Dr Francesca Crowe BSc, PhD

Dr Francesca Crowe

Institute of Applied Health Research
Research Fellow

Contact details

Address
Murray Learning Centre
Institute of Applied Health Research
University of Birmingham
Edgbaston
Birmingham
B15 2TT
UK

Francesca Crowe is a nutritional epidemiologist with an interest in how diet and nutrition influences health. Most of her work has involved assessing the associations of the intake of certain foods and nutrients with the risk of developing diseases such as cardiovascular disease, cancer and digestive diseases (e.g. diverticular disease) in large prospective cohort studies. She has a special interest in how nutritional biomarkers can help inform diet-disease relationships.

Her current research is focussed on the health effects of vitamin D and she interested in public health interventions to reduce the risk of vitamin D deficiency. She using The Health Improvement Network (THIN) database to examining time trends in the number of adults who are tested for vitamin D deficiency in primary care. She is also investigating the effects of vitamin D supplementation on bone health in Afghan children and is involved in evaluating the long-terms effects of a weaning-food hygiene intervention that was implemented in the Gambia.

Qualifications

  • PhD Human Nutrition University of Otago, 2006
  • BSc in Biochemistry and Human Nutrition University of Otago, 2002

Biography

Francesca graduated from the University of Otago, New Zealand (BSc Biochemistry and Human Nutrition in 2002) and obtained a PhD in Human Nutrition from the University of Otago in 2006.

In 2007, Francesca was awarded the Girdlers’ NZ Health Research Council Fellowship to gain advanced research experience at the University of Oxford. During her fellowship she spent three years working at the Cancer Epidemiology Unit on the dietary and nutritional determinants of prostate cancer and biomarkers of prostate cancer risk such as insulin-like growth factor (IGF-I) in the European Prospective Investigation of Cancer and Nutrition (EPIC). She then took up a Research Fellow post at the Cancer Epidemiology Unit in 2010 where she was the Principal Investigator of an online 24 hour recall – the Oxford WebQ which she helped to develop, test and is now being administered to participants in large UK cohorts. She also developed an interest in the health effects of vegetarian diets which she investigated in relation to heart disease and diverticular disease in the Oxford arm of the EPIC study.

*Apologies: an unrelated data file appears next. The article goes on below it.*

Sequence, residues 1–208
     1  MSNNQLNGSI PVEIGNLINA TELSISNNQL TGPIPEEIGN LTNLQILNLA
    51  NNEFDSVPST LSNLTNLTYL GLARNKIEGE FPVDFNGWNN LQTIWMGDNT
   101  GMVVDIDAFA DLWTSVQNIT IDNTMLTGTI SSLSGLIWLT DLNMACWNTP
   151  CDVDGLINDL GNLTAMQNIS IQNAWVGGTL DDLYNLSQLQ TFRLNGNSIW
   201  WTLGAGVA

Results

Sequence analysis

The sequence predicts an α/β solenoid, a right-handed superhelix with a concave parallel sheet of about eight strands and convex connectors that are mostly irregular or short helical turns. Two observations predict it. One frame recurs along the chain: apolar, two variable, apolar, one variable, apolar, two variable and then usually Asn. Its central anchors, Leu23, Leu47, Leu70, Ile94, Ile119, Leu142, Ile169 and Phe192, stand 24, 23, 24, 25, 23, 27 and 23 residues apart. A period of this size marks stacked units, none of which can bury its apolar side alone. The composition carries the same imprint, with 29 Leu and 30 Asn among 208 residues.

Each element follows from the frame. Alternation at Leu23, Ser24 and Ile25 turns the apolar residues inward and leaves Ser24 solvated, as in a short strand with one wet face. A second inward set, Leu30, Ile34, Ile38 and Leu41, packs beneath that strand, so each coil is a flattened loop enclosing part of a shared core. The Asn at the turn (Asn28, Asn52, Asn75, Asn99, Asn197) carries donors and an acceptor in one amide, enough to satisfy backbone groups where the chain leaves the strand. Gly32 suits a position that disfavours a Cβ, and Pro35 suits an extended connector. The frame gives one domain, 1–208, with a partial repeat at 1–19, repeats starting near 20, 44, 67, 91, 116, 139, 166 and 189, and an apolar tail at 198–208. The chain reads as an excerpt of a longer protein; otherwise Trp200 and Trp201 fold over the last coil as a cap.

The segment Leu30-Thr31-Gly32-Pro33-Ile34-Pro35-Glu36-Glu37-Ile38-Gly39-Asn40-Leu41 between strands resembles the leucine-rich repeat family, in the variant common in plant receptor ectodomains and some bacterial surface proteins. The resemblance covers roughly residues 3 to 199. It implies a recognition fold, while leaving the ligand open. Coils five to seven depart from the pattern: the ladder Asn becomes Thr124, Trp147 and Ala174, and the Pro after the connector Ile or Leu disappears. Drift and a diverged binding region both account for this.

From 2013 to 2015 she spent some time back in NZ where she worked as a civil servant at the Ministry for Primary Industries as a Senior Adviser in Food Science Innovation where her main role was to evaluate systematic reviews that have been provided by NZ food industry to make a self-substantiated health claims. She also provided scientific advice and input to the work of the Food Science Team on matters relating to systematic reviews, food health claims and the interpretation of evidence from epidemiological studies.